Welcome to My Dream
(1946)
Music by Jimmy Van Heusen
Lyrics by Johnny Burke
Played on piano and sung by Bing Crosby
Reprised later by Bing Crosby with background orchestral music
See more »

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User Reviews

 
Delayed Road trip.
23 June 2004 | by bkoganbingSee all my reviews

Road to Utopia was one of several films made during World War II and shown to GIs before reaching the civilian public. Saratoga Trunk and The Two Mrs. Carrolls are two other examples. We have some evidence for this statement. First and foremost Robert Benchley died a year before

the film had it's premier at the New York Paramount on February 27, 1946. Benchley, noted humorist and sometime film actor, provided some off and on-screen narration for the Crosby and Hope monkeyshines. He was reputed to be a big fan of both and I think he just wanted in on the fun.

Also, Crosby recorded most of the songs for Road to Utopia on July 17, July, 19 and December 8, 1944 at Decca studios. The song Personality wasn't recorded by him until January 16, 1946, however in the film, Dorothy Lamour sang it.

It was worth the wait for the civilian public. By now the boys had the surreal nonsense down pat. Dorothy Lamour plays Skagway Sal who's father is murdered in the first minutes of the movie by killers Sperry and McGurk. Dotty beats it up to Alaska to look up Douglass Dumbrille, her dad's best friend for assistance. As Douglass Dumbrille invariably does in these films, he's looking for the goldmine her father left for himself.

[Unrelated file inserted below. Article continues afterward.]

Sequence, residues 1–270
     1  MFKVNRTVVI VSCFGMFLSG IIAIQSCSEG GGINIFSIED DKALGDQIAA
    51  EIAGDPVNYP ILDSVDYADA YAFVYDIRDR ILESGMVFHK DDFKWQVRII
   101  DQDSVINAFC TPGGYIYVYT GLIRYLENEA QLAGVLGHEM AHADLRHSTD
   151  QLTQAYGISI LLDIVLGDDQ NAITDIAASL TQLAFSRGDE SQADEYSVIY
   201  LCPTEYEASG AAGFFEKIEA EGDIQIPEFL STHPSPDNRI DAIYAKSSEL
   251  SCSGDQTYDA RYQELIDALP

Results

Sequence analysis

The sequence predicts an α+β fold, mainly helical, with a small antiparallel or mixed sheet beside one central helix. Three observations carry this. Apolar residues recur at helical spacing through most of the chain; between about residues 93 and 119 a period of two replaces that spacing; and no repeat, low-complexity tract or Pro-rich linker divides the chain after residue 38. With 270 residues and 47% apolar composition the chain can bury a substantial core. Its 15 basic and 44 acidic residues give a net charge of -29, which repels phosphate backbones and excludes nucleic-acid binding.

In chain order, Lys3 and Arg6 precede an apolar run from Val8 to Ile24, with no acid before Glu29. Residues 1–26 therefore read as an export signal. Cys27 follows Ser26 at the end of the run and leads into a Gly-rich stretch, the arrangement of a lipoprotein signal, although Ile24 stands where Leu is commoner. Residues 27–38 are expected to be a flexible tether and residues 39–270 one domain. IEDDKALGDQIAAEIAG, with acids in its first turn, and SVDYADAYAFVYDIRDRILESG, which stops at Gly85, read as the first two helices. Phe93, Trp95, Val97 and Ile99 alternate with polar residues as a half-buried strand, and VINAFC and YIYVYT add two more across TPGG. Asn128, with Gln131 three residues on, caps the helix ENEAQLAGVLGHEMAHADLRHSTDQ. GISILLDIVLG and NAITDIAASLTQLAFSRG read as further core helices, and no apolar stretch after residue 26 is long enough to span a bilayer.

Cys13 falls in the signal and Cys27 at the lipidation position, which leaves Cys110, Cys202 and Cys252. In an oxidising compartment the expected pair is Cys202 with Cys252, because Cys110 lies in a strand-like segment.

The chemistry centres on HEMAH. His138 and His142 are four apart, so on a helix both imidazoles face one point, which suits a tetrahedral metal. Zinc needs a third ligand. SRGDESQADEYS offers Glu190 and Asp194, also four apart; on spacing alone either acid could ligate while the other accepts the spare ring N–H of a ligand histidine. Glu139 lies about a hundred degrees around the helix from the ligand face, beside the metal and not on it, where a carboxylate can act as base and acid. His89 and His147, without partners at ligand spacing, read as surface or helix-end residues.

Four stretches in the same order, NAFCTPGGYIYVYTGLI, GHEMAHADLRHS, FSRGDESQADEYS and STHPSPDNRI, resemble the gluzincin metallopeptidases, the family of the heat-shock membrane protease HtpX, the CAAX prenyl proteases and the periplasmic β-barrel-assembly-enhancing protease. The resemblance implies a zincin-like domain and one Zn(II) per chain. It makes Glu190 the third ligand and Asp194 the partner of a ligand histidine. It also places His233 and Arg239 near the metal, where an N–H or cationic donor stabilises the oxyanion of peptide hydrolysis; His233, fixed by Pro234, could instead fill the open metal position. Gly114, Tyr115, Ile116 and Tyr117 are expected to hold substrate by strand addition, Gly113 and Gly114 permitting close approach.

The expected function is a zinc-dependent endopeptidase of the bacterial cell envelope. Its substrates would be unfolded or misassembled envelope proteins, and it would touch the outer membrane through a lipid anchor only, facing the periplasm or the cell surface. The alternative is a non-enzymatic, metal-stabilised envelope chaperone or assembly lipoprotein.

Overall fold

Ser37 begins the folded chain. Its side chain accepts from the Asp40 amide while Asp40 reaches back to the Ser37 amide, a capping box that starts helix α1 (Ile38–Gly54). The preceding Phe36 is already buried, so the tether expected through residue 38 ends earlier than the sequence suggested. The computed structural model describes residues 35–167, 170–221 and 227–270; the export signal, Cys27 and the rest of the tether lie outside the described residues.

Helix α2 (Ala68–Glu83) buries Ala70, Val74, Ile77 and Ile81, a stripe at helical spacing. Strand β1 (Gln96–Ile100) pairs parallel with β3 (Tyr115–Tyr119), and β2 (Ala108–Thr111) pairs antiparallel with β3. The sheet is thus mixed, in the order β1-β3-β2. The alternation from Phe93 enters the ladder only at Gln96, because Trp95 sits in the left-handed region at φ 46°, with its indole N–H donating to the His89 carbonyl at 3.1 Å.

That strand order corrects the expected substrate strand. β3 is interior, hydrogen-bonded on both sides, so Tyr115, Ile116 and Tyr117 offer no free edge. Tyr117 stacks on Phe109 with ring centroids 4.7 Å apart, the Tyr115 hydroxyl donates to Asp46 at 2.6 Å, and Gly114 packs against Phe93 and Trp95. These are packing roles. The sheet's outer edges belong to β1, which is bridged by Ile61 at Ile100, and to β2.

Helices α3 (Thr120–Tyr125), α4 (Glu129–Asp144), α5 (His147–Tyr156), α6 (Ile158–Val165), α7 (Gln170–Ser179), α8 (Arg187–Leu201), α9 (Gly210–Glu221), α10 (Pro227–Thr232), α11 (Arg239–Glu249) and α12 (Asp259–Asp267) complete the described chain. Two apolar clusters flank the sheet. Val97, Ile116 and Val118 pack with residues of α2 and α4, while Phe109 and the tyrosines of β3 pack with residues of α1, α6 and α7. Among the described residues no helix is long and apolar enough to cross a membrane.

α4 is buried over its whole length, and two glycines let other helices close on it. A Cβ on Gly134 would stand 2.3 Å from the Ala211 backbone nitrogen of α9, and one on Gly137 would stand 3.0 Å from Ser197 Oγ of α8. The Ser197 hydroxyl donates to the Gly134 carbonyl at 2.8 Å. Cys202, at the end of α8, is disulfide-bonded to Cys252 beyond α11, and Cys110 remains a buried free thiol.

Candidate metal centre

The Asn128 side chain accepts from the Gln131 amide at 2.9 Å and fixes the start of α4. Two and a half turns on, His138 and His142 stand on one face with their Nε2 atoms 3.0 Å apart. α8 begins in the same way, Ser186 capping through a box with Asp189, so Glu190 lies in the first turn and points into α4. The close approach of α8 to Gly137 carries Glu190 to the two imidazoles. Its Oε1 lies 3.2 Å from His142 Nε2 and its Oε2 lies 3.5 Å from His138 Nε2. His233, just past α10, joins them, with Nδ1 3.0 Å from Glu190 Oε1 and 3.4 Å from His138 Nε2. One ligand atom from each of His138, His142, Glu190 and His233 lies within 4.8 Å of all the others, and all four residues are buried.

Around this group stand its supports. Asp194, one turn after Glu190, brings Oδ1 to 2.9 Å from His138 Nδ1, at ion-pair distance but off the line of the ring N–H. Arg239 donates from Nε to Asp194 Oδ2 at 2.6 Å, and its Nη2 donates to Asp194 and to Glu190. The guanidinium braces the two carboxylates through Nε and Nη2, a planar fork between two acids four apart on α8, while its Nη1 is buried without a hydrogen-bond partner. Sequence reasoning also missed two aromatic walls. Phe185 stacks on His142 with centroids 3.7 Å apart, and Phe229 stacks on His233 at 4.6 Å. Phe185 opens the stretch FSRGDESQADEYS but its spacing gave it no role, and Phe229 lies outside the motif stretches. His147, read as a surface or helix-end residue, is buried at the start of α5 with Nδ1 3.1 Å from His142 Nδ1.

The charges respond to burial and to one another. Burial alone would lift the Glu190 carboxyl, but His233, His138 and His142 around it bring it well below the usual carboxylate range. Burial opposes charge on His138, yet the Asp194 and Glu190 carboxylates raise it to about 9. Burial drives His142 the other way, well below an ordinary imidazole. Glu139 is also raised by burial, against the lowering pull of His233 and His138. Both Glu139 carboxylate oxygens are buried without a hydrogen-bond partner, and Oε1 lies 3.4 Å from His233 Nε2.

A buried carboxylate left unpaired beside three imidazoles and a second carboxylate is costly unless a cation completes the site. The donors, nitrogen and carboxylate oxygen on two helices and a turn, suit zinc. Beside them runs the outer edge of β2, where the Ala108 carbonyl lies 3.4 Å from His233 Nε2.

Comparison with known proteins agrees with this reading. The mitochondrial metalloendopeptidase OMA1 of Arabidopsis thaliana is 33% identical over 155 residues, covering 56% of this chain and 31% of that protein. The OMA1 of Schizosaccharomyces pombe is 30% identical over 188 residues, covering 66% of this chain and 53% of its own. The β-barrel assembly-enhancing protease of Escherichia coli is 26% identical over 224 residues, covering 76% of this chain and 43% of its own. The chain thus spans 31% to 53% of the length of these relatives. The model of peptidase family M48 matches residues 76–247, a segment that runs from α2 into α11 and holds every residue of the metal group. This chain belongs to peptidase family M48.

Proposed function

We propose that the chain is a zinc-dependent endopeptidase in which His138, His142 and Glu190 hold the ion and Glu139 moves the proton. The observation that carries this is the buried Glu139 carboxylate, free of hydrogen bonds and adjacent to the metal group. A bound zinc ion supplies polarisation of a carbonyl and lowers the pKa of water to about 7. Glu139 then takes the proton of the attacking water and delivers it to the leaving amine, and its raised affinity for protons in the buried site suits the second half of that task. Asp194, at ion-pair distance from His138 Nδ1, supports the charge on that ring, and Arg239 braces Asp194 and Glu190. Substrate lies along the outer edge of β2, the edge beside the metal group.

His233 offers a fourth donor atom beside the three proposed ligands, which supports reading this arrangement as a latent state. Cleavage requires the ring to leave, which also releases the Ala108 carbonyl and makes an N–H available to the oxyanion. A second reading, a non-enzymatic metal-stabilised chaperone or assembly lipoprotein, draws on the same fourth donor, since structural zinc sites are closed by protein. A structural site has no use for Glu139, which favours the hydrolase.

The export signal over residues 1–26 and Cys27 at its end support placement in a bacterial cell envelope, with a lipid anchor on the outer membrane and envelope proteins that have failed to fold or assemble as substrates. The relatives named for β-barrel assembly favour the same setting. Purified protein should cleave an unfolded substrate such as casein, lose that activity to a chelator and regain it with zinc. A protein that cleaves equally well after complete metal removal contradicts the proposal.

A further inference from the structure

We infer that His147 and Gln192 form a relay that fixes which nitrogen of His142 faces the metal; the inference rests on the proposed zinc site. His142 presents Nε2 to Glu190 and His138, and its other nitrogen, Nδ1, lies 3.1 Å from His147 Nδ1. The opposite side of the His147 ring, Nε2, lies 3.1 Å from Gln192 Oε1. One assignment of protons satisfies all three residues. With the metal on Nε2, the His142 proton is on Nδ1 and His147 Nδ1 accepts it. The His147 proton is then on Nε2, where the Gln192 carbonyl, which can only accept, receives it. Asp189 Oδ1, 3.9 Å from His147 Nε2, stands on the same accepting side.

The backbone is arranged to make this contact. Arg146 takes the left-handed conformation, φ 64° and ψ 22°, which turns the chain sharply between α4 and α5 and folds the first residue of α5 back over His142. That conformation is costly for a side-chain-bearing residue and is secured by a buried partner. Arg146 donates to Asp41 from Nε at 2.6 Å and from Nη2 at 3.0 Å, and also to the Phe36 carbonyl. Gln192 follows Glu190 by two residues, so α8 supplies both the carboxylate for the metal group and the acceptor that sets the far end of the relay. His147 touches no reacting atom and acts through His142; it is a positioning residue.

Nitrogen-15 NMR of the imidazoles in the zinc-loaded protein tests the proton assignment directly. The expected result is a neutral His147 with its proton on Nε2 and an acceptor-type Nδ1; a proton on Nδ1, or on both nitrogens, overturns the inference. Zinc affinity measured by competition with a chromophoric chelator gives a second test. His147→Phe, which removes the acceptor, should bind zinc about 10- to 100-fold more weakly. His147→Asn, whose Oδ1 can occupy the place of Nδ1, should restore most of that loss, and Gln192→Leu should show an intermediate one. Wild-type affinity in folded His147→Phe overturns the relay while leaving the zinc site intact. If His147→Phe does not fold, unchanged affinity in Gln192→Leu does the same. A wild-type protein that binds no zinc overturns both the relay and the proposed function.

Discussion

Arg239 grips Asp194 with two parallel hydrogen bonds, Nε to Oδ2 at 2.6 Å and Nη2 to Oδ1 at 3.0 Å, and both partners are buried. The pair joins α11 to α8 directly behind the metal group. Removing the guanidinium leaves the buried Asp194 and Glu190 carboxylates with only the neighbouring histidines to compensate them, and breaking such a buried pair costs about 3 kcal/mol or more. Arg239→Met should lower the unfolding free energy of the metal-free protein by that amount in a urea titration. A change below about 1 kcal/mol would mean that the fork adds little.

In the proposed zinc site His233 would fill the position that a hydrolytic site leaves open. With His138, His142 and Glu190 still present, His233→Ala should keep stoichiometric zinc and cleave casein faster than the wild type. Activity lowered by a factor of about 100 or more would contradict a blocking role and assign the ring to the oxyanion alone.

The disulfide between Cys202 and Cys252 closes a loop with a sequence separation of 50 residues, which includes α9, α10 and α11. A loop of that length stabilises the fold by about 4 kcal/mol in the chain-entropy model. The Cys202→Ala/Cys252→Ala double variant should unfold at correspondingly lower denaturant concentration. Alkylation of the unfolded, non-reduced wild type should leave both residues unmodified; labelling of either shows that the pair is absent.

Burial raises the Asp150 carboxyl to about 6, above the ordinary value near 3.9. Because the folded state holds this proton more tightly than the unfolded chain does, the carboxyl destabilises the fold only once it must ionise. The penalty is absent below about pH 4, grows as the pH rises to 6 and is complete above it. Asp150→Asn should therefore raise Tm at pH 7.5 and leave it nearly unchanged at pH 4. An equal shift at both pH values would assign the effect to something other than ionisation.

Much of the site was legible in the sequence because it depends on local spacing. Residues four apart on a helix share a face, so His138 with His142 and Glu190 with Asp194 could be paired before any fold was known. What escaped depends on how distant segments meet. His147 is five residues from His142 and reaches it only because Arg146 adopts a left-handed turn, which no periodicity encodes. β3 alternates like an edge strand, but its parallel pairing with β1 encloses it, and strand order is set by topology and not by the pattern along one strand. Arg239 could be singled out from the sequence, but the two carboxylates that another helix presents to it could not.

The killers take the next boat with the map that they stole from Dad in hand. But they don't reckon with the sharpie and the schnook who have stowed away on the boat to Alaska. Crosby and Hope steal the map and the killer's identity.

The plot I've described so far could be a melodrama, but not in any film with the title beginning "Road to......" Between talking bears, talking fish, and a cameo appearance by Santa Claus the laughs come fast and furious.

Jimmy Van Heusen and Johnny Burke wrote the songs for this surreal madcap and gave Dotty two songs, Would You and the aforementioned Personality. Crosby got his ballad, Welcome to My Dream, and a philosophical song, It's Anybody's Spring. The last one he sang on board on a ship talent contest with Hope accompanying him on the accordion. They lost to an organ grinder and a monkey which prompted Hope to comment on the next road trip he was bringing Sinatra.

And Crosby and Hope sang Goodtime Charlie which didn't make it to vinyl and Put It There Pal probably the best known of the duets they sang together in the Road pictures. Lots of dated references in the lyrics there to Crosby's horses and their respective radio sponsors. But today's audiences would still enjoy it.

One interesting fact was that the Catholic Legion of Decency a very powerful group in those days made objections to suggestive lyrics in Personality. Hard to believe in this day and age, but as another songwriter a generation later put it, "the times, they are a changin'."

Road picture references are sometimes dated, but the laughs are eternal.